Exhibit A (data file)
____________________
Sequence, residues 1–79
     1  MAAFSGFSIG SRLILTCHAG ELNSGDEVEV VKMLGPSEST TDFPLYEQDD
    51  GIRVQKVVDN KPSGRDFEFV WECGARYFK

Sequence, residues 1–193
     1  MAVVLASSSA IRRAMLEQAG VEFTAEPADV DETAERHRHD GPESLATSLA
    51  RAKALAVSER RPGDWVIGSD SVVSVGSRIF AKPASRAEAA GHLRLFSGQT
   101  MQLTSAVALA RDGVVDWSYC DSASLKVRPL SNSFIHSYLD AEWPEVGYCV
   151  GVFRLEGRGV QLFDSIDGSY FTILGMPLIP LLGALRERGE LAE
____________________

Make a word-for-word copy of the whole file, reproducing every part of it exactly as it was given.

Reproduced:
Sequence, residues 1–79
     1  MAAFSGFSIG SRLILTCHAG ELNSGDEVEV VKMLGPSEST TDFPLYEQDD
    51  GIRVQKVVDN KPSGRDFEFV WECGARYFK

Sequence, residues 1–193
     1  MAVVLASSSA IRRAMLEQAG VEFTAEPADV DETAERHRHD GPESLATSLA
    51  RAKALAVSER RPGDWVIGSD SVVSVGSRIF AKPASRAEAA GHLRLFSGQT
   101  MQLTSAVALA RDGVVDWSYC DSASLKVRPL SNSFIHSYLD AEWPEVGYCV
   151  GVFRLEGRGV QLFDSIDGSY FTILGMPLIP LLGALRERGE LAE